'Red Notice' review: Three stars phoning it in from a fancy looking phone

Dwayne Johnson, Ryan Reynolds and Gal Gadot all show up for this comedic heist thriller, and that's about the most that can be said for it, or them.

Adam Graham
Detroit News Film Critic

Not a single thing of consequence happens in "Red Notice." It's a cat and mouse game where neither the cat nor the mouse seems to be much into the game, so they decide to kick their feet up and relax midway through rather than trying any harder than they need to. Why tire yourself out when the result is the same anyway? 

This slick and completely vapid star vehicle, engineered to be as generically down-the-middle as possible, stars Dwayne Johnson as an FBI profiler and Ryan Reynolds and Gal Gadot as a pair of master thieves. There are quips (courtesy of Reynolds, on auto pilot) and kicks (Gadot), as well as a double cross or two that couldn't matter less. The best thing that can be said about "Red Notice" is that is won't affect your life in any way whatsoever. It's just kind of there, like a lamp in the background.    

Gal Gadot and Dwayne Johnson in "Red Notice."

Johnson is John Hartley, an agent who is tracking a trio of priceless artifacts once owned by Cleopatra. He's on the trail of Nolan Booth (Reynolds), a snarky thief who steals just for the thrill of it all, who soon makes off with one of the three golden eggs. A chase ensues.

Nolan shakes him but John soon gets his man, and through some computer manipulation they end up behind bars together inside a Russian prison. It seems John is the victim of a hacking scheme by a master criminal who goes by the name the Bishop, and she is played by "Wonder Woman's" Gadot.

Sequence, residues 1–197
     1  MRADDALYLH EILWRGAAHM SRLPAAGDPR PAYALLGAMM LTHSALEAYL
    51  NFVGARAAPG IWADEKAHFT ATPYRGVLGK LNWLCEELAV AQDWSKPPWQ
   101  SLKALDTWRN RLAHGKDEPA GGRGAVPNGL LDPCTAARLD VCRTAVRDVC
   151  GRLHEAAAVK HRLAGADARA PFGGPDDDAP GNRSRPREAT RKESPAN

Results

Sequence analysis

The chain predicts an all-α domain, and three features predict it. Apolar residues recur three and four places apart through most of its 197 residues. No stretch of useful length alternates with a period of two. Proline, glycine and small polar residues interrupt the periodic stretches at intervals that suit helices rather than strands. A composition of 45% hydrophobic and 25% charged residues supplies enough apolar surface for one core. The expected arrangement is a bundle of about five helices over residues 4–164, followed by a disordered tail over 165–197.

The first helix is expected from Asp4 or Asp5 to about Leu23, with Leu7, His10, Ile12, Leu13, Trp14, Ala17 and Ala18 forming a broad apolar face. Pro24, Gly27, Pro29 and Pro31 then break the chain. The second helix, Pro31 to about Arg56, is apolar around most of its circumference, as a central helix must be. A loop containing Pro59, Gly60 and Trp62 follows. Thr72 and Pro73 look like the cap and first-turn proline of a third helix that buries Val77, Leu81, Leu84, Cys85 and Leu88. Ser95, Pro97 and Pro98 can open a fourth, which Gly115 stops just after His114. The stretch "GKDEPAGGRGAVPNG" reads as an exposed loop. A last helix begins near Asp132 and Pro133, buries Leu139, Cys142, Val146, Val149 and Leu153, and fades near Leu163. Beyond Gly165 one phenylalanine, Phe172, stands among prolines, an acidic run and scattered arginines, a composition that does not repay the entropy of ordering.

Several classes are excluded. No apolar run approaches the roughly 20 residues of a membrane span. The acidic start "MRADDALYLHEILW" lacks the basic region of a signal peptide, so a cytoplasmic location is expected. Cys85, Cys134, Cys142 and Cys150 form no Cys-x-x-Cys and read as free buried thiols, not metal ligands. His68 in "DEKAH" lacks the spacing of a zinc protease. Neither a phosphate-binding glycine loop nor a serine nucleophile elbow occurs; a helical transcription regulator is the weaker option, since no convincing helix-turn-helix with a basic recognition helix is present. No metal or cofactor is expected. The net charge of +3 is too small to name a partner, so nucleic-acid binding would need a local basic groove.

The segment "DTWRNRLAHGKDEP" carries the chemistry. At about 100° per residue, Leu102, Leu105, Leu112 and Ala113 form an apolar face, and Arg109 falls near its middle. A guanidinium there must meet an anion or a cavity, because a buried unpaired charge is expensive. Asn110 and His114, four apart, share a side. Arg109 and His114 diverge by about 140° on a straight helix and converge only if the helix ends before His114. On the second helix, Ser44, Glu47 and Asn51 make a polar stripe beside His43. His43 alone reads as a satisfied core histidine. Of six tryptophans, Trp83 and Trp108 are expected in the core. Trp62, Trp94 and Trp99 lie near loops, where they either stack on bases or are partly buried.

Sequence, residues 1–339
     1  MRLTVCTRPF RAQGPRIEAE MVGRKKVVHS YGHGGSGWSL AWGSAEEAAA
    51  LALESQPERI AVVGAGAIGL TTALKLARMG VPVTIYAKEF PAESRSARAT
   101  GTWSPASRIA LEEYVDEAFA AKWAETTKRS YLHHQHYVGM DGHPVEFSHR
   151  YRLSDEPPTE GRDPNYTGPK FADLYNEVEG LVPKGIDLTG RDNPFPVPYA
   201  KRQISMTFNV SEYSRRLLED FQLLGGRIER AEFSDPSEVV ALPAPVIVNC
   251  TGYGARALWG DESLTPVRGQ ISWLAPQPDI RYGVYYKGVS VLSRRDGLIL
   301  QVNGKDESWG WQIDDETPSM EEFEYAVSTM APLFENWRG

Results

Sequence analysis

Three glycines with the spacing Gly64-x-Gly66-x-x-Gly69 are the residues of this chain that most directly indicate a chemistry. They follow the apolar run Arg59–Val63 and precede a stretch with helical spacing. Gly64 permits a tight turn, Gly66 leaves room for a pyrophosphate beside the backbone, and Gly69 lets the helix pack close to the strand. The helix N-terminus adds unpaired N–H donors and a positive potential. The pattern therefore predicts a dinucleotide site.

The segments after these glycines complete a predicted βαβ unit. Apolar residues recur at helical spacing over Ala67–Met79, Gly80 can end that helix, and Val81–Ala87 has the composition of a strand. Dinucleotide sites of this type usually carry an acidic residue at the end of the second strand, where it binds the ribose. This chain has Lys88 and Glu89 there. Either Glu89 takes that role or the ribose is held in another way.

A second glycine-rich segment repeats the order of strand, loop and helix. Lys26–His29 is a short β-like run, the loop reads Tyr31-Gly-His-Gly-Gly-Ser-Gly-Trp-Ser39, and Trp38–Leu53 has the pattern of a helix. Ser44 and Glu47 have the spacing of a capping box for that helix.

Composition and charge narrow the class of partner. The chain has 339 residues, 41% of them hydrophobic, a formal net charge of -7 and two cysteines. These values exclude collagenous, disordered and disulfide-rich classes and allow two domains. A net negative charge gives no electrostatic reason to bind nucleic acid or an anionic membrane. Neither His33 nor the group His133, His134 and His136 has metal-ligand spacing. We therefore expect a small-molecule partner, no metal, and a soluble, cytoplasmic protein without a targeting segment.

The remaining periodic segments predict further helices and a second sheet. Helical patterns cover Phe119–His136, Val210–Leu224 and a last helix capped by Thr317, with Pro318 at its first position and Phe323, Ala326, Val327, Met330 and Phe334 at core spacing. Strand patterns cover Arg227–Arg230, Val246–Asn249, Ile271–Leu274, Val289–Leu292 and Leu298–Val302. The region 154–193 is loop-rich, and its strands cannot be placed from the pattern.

Nolan and John do the mismatched buddies thing — "we're not friends," John says, "we're best friends!" Nolan replies — as the action hops around the globe. Eventually they're brought together with the Bishop and look, it's three really big Hollywood stars, and they're all together, at once! Eh, it's cheaper than a trip to Madame Tussauds, and at least slightly more realistic. 

Writer-director Rawson Marshall Thurber, teaming up with Johnson for a third time (after "Central Intelligence" and "Skyscraper"), turns in a competent action film with just enough characteristics of a personality to mask the fact that is has no personality. Johnson, Reynolds and Gadot might as well have sent their avatars to the set for the level of work they put in here. It's not that the movie is an insult, because insults at least require effort, and that's more than "Red Notice" is willing to offer. And an insult has the potential to be memorable, which is more than anything in "Red Notice" has going for it.



'Red Notice'


Rated PG-13: for violence and action, some sexual references, and strong language

Running time: 117 minutes

In theaters, on Netflix Nov. 12